One thought, at the commencement of this process, is to separate the event (the crime you committed) from the deeper inner you. The deeper inner you is the spark of God within you, or the soul. The event is an experience that your soul has and now it’s up to you as to how you handle that. It is the lessons from the event that the soul will experience. So when you do the process of forgiveness, bring to mind that part of you that is the deeper inner you and forgive yourself. (You may be really angry with yourself – if this is the case then the anger must be handled before the forgiveness process can take place). Forgiving yourself can be coupled with asking God for forgiveness. All these processes are best done in deep meditation.

Whilst you go through all of these inner processes then “Man’s Law”, “Society’s Law”, and “Prison Justice” has to be handled. It is handled by the personality which will draw strength from these inner processes. Whatever happens in the jail, or once you are released, or when you are free in society, can be cruel. You will be reminded of the event in many different ways and it is not until you’ve “handled it” will you be able to deal with these circumstances by drawing on your inner strength.

So, in conclusion, don’t push down the event, handle it with co-operation, acceptance, unconditional love and forgiveness and you will be able to deal satisfactorily with “Society”.

Aspects of ForgivenessSelf Forgiveness Is Just As Big A Challenge

I mentioned forgiving self in my answer above. In my original letter I also gave some specific advice on the way forward with the help of a Staff Counsellor. Self Forgiveness is a big topic and I don’t expect anyone new to the subject to understood it overnight. It is something that needs to be experienced.

There is no doubt that Forgiveness and Self Forgiveness go together. It’s like 2 sides of the same coin. Often we find that we can’t forgive ourselves because of some awful thing that we have done. “Awful” in whose judgement? Here’s a thought. If we can bring ourselves to thinking “I’ve done the best that I could do with the tools that I had – I’ll do better next time” then this will help the process, because we are fallible beings.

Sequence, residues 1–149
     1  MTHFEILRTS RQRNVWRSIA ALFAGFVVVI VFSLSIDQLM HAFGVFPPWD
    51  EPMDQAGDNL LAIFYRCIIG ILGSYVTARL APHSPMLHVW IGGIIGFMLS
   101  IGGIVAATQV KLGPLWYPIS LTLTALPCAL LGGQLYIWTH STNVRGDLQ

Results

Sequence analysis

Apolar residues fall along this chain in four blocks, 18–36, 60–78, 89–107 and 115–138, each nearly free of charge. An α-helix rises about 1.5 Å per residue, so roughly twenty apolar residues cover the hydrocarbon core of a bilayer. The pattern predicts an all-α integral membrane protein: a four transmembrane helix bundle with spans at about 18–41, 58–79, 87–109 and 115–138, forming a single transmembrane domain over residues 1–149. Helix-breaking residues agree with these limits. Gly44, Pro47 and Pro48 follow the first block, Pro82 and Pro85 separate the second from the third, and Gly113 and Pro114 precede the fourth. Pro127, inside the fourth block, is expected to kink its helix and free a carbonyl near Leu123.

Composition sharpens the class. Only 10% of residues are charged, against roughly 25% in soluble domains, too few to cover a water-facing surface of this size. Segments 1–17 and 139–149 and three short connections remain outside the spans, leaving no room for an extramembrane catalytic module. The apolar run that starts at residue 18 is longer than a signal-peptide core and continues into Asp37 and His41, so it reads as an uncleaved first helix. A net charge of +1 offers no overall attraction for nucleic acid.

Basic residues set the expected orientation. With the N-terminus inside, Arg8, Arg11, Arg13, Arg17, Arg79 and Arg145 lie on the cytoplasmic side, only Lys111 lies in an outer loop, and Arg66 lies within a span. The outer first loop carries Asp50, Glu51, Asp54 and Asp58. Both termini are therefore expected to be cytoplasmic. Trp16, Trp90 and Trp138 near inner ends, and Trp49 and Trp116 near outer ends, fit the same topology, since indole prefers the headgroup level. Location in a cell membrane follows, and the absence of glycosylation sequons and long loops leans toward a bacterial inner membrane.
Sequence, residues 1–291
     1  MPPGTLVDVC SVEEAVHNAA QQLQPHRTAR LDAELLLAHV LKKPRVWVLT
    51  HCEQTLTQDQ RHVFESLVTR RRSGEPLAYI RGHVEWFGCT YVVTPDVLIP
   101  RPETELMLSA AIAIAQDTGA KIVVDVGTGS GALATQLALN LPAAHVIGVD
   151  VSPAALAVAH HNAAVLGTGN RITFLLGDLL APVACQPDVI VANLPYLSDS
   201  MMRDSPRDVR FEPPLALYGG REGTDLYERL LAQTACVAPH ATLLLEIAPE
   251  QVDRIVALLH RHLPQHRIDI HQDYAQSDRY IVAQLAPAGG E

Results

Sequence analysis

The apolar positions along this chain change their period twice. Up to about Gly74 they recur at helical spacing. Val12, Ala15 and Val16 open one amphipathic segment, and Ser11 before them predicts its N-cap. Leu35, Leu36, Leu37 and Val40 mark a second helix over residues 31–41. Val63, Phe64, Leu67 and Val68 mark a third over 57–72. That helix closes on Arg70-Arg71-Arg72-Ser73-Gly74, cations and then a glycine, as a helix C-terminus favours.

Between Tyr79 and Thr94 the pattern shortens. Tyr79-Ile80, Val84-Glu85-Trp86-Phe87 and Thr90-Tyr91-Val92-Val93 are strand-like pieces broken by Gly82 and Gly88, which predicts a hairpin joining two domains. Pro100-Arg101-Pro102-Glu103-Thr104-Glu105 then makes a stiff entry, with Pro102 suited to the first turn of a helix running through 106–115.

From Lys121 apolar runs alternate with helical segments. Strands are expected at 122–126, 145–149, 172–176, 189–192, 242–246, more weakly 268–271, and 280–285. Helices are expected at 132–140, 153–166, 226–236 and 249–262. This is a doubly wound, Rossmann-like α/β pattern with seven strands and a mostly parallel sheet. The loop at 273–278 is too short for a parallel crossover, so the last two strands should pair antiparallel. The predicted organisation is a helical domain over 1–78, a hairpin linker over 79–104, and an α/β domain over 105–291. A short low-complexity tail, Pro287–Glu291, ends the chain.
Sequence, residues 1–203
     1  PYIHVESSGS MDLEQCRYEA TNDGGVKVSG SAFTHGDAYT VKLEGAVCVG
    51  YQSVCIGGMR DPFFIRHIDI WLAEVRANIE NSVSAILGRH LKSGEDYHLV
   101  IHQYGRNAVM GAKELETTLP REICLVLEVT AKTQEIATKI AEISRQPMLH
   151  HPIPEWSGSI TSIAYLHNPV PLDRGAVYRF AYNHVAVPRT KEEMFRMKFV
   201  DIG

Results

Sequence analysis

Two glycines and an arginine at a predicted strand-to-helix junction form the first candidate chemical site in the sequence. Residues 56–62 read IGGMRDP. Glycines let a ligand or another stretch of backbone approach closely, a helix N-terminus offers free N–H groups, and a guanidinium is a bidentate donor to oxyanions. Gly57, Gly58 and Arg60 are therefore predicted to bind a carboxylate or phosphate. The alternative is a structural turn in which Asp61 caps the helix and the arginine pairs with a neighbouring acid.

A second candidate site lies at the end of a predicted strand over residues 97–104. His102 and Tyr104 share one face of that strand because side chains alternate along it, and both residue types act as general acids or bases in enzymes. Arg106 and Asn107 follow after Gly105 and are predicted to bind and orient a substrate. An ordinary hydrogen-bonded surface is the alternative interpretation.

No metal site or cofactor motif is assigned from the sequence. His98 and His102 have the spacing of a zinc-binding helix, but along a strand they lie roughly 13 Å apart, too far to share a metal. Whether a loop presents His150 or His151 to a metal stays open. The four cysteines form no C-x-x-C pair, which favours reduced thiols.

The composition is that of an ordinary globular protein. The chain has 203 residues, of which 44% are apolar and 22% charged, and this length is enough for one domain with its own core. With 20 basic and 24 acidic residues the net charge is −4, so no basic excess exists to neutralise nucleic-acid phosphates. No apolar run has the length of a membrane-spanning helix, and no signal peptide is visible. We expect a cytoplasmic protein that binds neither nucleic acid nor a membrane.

A Way To Start – When It’s Really Tough

I find that when we can’t forgive somebody for something, then we need to understand what we are doing to ourselves. Anger, hostility, blame, judgement, guilt … can only lead to sickness within ourselves. 50,000 times a day we talk to ourselves! Who Listens? Negative thoughts attract negative thoughts. So where does this process end up? By being another victim – and, who caused it? Yes you did of course. So now to the Choice Point! I don’t want to be another victim! I also have responsibility to myself, my family, my friends and to those who rely on me.

I have also found that giving yourself permission to just examine and find out about the process of forgiveness is a good first step. And, once again this statement will help: “They’ve done the best that they could do – they don’t know any better – perhaps they’ll do better next time.” I find that the best way to do all of this is in meditation, with guided imagery. Meditation provides a wonderful vehicle for moving on and not remaining stuck.

So, I’d like to share how I experienced a feeling of freedom, liberation, and a sense of lightness and felt as though a weight had been lifted from my shoulders after I had my face-to-face meeting. I will never again wonder how I would react if confronted by the murderer of my daughters. The monkey is off my back.

All the Best

Sandy MacGregor


How can we Accept and Let Go?

14 Mar